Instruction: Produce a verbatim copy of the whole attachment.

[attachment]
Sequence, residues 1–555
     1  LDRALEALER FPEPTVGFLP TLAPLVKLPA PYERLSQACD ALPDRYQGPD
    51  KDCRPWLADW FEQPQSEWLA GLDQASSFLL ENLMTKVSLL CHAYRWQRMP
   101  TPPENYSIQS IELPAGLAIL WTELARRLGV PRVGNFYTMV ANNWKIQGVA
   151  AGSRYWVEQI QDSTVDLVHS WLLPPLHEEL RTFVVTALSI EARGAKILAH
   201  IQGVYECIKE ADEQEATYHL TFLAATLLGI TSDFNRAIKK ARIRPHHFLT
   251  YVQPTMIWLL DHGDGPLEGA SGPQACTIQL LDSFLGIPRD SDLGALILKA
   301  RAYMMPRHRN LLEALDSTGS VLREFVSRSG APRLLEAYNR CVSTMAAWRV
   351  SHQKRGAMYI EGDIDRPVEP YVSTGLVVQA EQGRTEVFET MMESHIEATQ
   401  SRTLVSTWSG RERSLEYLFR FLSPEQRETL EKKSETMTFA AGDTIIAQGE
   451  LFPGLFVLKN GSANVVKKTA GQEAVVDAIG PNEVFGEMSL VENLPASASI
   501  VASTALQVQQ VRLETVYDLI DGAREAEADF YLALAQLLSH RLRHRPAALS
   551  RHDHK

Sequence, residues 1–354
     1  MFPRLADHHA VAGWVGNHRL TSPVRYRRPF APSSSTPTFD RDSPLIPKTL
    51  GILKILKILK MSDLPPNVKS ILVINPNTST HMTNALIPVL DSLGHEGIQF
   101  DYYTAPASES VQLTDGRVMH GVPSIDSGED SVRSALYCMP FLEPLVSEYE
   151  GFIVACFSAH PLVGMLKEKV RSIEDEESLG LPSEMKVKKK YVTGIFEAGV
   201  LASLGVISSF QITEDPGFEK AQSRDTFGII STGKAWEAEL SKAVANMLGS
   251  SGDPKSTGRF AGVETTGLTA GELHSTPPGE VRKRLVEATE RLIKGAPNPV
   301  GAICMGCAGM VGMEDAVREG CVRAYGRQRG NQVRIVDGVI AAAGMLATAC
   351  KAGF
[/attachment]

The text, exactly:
Sequence, residues 1–555
     1  LDRALEALER FPEPTVGFLP TLAPLVKLPA PYERLSQACD ALPDRYQGPD
    51  KDCRPWLADW FEQPQSEWLA GLDQASSFLL ENLMTKVSLL CHAYRWQRMP
   101  TPPENYSIQS IELPAGLAIL WTELARRLGV PRVGNFYTMV ANNWKIQGVA
   151  AGSRYWVEQI QDSTVDLVHS WLLPPLHEEL RTFVVTALSI EARGAKILAH
   201  IQGVYECIKE ADEQEATYHL TFLAATLLGI TSDFNRAIKK ARIRPHHFLT
   251  YVQPTMIWLL DHGDGPLEGA SGPQACTIQL LDSFLGIPRD SDLGALILKA
   301  RAYMMPRHRN LLEALDSTGS VLREFVSRSG APRLLEAYNR CVSTMAAWRV
   351  SHQKRGAMYI EGDIDRPVEP YVSTGLVVQA EQGRTEVFET MMESHIEATQ
   401  SRTLVSTWSG RERSLEYLFR FLSPEQRETL EKKSETMTFA AGDTIIAQGE
   451  LFPGLFVLKN GSANVVKKTA GQEAVVDAIG PNEVFGEMSL VENLPASASI
   501  VASTALQVQQ VRLETVYDLI DGAREAEADF YLALAQLLSH RLRHRPAALS
   551  RHDHK

Sequence, residues 1–354
     1  MFPRLADHHA VAGWVGNHRL TSPVRYRRPF APSSSTPTFD RDSPLIPKTL
    51  GILKILKILK MSDLPPNVKS ILVINPNTST HMTNALIPVL DSLGHEGIQF
   101  DYYTAPASES VQLTDGRVMH GVPSIDSGED SVRSALYCMP FLEPLVSEYE
   151  GFIVACFSAH PLVGMLKEKV RSIEDEESLG LPSEMKVKKK YVTGIFEAGV
   201  LASLGVISSF QITEDPGFEK AQSRDTFGII STGKAWEAEL SKAVANMLGS
   251  SGDPKSTGRF AGVETTGLTA GELHSTPPGE VRKRLVEATE RLIKGAPNPV
   301  GAICMGCAGM VGMEDAVREG CVRAYGRQRG NQVRIVDGVI AAAGMLATAC
   351  KAGF